Background Systemic lupus erythematosus (SLE) disproportionately affects racial/ethnic minorities and is an independent risk factor for pneumonia, infections, renal disease and cardiovascular diseases (CVD). There are also racial/ethnic differences in these common comorbidities. There is limited understanding of how much inequality or heterogeneity SLE confers independently of the underlying disease pathways of comorbidities between race/ethnic groups. We examined the patterns, strength and direction of the risk of comorbidities in race/ethnic groups with SLE compared to controls. We hypothesized that those with SLE will have increased risk of comorbidities and that these associations will be strongest for racial minorities and weakest for non-Hispanic whites (NHW).
Methods We defined a cohort using electronic health records data (2005–2016) from a large healthcare organization in California serving patients of diverse racial/ethnic backgrounds. The eligible population included SLE patients and age-sex-race/ethnicity matched non-SLE patients (≥18 years of age). SLE diagnosis was the primary exposure defined using ICD9: 710.0 and ICD10: M32.1, M32.8, and M32.9. The following outcomes were identified: pneumonia, infections, renal disease and CVD. For each racial/ethnic group, we calculated the proportion of incident comorbidities among SLE cases and controls, and then built adjusted logistic regression models for each outcome with SLE as the exposure.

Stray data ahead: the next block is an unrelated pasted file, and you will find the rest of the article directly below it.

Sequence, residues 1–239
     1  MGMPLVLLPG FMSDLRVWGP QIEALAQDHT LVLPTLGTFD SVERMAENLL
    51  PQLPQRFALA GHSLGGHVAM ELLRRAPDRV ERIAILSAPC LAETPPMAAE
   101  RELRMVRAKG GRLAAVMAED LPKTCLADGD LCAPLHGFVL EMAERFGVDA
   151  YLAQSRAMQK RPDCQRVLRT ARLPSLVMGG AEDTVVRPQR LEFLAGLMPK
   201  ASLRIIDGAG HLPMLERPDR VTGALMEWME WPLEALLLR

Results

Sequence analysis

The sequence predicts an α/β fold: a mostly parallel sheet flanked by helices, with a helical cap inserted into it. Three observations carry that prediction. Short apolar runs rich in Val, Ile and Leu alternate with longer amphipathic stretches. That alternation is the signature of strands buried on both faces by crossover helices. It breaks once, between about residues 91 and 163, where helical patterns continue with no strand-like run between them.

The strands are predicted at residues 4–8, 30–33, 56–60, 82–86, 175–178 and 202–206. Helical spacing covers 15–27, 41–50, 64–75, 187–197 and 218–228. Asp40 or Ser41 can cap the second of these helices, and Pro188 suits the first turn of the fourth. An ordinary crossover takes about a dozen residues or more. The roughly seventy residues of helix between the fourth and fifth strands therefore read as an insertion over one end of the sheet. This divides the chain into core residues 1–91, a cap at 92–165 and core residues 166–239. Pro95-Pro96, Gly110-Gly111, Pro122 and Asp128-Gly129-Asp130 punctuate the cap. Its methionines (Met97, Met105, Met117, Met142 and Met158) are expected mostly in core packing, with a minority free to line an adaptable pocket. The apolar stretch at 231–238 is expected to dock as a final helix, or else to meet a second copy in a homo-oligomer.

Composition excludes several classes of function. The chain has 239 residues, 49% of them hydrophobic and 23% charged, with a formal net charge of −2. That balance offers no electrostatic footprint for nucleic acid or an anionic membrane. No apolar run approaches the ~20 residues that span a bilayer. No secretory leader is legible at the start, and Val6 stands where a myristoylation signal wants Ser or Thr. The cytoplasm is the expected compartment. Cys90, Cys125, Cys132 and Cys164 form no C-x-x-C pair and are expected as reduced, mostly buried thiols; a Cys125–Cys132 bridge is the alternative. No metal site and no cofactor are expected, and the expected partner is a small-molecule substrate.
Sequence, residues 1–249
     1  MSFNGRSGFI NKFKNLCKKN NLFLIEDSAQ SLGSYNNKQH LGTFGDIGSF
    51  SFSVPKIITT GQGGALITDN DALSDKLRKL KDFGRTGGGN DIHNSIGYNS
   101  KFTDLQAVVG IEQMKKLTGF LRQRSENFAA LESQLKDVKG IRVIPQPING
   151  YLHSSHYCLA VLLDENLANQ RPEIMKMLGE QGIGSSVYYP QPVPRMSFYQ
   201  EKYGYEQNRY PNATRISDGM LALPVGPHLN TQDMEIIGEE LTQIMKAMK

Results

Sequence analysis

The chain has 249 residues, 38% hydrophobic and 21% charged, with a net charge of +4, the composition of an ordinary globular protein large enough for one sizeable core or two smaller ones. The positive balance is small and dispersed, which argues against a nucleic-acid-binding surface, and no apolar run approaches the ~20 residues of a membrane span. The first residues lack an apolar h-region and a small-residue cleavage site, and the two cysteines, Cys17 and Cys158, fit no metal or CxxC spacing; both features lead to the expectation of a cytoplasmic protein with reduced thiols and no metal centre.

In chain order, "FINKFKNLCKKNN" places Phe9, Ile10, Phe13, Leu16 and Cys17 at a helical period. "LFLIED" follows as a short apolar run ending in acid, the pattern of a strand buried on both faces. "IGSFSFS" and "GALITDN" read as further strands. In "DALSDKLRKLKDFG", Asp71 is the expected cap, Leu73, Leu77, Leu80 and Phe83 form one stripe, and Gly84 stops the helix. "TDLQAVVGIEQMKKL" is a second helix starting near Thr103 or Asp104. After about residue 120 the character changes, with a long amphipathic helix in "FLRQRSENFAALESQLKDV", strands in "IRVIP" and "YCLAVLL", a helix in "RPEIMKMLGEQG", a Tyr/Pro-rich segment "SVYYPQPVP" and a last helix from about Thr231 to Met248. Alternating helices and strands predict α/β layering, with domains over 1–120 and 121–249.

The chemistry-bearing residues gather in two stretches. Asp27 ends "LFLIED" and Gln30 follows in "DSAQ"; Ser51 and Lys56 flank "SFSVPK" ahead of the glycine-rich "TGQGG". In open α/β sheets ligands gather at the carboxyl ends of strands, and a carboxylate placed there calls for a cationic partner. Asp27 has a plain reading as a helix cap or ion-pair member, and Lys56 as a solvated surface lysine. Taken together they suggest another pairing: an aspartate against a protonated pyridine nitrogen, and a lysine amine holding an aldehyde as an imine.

Results We identified 1,290 SLE cases and 12 900 controls. The median age at baseline was 43 years and 92% of the cohort was female. Among SLE cases, 38% were NHW, 13% were Hispanic, 4% were Black, and 25% were Asian/Pacific Islander. Compared to controls, SLE cases had higher incidence of pneumonia (32% vs 18%), infections (46% vs 26%), renal disease (16% vs 3%) and CVD (45% vs 22%). The association persisted with odds ratio (OR) of 1.5 to 3, after adjusting for confounders (p<0.01). In subgroups analysis, ORs were similar across all racial/ethnic groups. We found no evidence for heterogeneity in the patterning of increased odds of the comorbidities between race/ethnic groups. For example, NHW, Blacks, Hispanics and Asians with SLE had between 2–3 times increased odds of CVD compared to controls.
Conclusions Our findings suggest that SLE similarly increases the risk of pneumonia, infections, renal disease and cardiovascular diseases (CVD) across racial/ethnic groups. Understanding the reasons for the lack of heterogeneity is important for targeting preventative interventions among patients with SLE.
Acknowledgements The authors would like to gratefully acknowledge the National Heart, Lung, and Blood Institute for funding this research.
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